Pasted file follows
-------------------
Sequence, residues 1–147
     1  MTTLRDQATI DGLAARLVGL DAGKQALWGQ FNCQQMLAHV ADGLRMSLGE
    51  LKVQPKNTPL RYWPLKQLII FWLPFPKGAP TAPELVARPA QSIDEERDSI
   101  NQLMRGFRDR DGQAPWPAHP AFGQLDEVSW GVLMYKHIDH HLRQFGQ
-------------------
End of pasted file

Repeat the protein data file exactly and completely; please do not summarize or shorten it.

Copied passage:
Sequence, residues 1–147
     1  MTTLRDQATI DGLAARLVGL DAGKQALWGQ FNCQQMLAHV ADGLRMSLGE
    51  LKVQPKNTPL RYWPLKQLII FWLPFPKGAP TAPELVARPA QSIDEERDSI
   101  NQLMRGFRDR DGQAPWPAHP AFGQLDEVSW GVLMYKHIDH HLRQFGQ